So we put that question to the students: who helps them with new technology?
Student 1: In school last year we did a lot more, we did coding, there’s websites for coding. And at the library — my mom works at the library — she did a program about coding where you got to go on a website and do your own coding.
Student 7: Yeah, I love apps so I just go out there and try it.
Student 8: I’m sort of the same, where I read the directions ’cause sometimes I don’t get how to play the game?
Student 7 Same.
Life LeGeros: Do you read the directions first?
Student 8: Yeah, before I start pushing ‘Play’.
Student 4: I’d be like hands-on like self-taught, like I wouldn’t need help on how to use it.
A common fear that’s sprung up around the Generation Z idea is that technology is already so ubiquitous in students’ lives that it’s crowding out other activities.
Except that the students we spoke to seem to have a pretty advanced grip on screen time balance:
Student 1: I own an iPhone, so I like to play games on that and watch Netflix on it, but I try to make it sort of even. I feel like if I spend one day sort of inside watching tv a lot I try to make it so I go outside more because I don’t want to just spend all my time inside looking at the screen all day.
Student 2: I play for like an hour or so, then we go out and bounce on my brother’s trampoline. And most of the time we just have to go to hockey because most of the winter we have hockey four days a week and we have pre-season now.
Student 9: In normal times I probably get in about an hour of games after my homework, but I’m more outside in the meadow, climbing a random tree.
University of Vermont graduate research fellow Mark Olofson does research into technology integration in education. Here’s what he has to say:
Mark Olofson: This narrative of digital natives is really reductive in nature. It ignores that there’s individual student differences, that there are regional differences, that there’s differences that align with different socioeconomic stuff and it’s really important for us when we’re thinking about technology integration that, if we resort to this reductive thinking we miss the necessary teaching and learning that has to happen in order for students to be able to utilize the technology in the world that they are going to encounter.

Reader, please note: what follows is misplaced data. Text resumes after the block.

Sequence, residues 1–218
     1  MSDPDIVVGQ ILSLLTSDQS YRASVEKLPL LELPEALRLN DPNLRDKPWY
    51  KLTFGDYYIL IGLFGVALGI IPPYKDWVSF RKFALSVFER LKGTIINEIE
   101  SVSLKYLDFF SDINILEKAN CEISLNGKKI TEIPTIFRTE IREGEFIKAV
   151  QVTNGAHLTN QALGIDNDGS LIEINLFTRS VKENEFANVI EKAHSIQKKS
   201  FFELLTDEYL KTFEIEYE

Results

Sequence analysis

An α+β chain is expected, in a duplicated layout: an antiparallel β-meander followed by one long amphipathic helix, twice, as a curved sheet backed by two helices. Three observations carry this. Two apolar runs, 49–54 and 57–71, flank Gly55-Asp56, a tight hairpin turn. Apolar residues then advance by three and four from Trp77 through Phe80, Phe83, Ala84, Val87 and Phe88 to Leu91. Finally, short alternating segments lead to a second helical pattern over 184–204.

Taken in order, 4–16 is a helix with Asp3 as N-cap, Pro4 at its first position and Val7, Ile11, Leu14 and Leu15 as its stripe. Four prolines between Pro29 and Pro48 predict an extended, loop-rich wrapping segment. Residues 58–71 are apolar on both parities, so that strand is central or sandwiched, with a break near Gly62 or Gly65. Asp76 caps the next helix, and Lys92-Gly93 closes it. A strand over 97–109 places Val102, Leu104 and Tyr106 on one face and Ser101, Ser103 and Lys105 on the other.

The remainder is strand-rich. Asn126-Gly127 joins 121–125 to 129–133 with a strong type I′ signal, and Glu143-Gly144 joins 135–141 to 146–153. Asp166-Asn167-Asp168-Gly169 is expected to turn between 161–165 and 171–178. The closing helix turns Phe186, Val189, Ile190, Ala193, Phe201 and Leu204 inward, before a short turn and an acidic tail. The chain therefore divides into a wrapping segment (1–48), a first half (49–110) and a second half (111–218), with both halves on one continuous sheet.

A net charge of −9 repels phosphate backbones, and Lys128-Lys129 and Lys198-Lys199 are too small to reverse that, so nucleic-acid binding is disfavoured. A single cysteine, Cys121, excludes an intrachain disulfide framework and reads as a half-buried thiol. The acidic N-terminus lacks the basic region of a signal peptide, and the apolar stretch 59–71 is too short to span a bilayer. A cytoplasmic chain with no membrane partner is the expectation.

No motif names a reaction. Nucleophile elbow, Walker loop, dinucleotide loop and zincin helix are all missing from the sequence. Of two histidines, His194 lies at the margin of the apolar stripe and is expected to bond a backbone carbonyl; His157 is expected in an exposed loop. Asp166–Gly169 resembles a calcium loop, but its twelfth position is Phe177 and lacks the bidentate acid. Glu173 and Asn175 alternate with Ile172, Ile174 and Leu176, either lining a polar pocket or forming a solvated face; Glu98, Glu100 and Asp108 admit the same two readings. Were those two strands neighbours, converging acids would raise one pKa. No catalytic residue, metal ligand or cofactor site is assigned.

And so when we just take it as “Yep these kids they’re Generation Z, they know how to do all this stuff, they’re natural learners, when it comes to technology, they take to it like a fish in water” and that sort of thing, not only do we miss the opportunity to teach kids and set them up for success, we further exasperate the existing gaps between kids who have had the opportunity to interact and the time and the resources to work with all these pieces and those who haven’t. Those who have chosen not to. And that can even just be a mindset difference. And if we ignore those differences and just assume the kids are what the articles and what the rhetoric around Generation Z are, that we disadvantage a lot of kids.
And back to Life Legeros:
Life LeGeros: It brings back to me what are these stereotypes good for? What are generalizations good for? What is reduction good for? Well it’s really efficient, you can’t cater to every individual. Then again in education, that’s kind of what we’re going for. To try to cater to individuals as much as we can.
So it seems more problematic than ever to try to quantify an entire generation.
In doing so, we… kind of sound like crotchety old folks.
Student 7: Say your grandfather comes over and he sees you sitting back on the couch relaxing and playing Mortal Kombat–
Student 8: He’s like ‘We didn’t have these games when I was little.’
Student 7: “Back when I was a kid there was no things like this. We were back there just twiddlin’ our thumbs and doin’ our homework n’ things.’
The music for this episode is, as always, “Amphibious Circuits” by dirtwire, used by the artist’s permission. The audio clip referencing the different generations is from this US Department of Transportation public service announcement. A huge thank you goes out to Heidi Ringer and the students at Warren Elementary School, and Sara Huff and the students of Crossett Brook Middle School for taking the time out of their day to speak with us.
Latest posts by Audrey Homan (see all)
- How to bake an inspiring kickoff video - March 12, 2018
- How can students teach educators about social identity? - February 26, 2018
- 3 tech-rich ways to study local history - January 31, 2018
- Having the hard conversations in Southern Vermont - January 17, 2018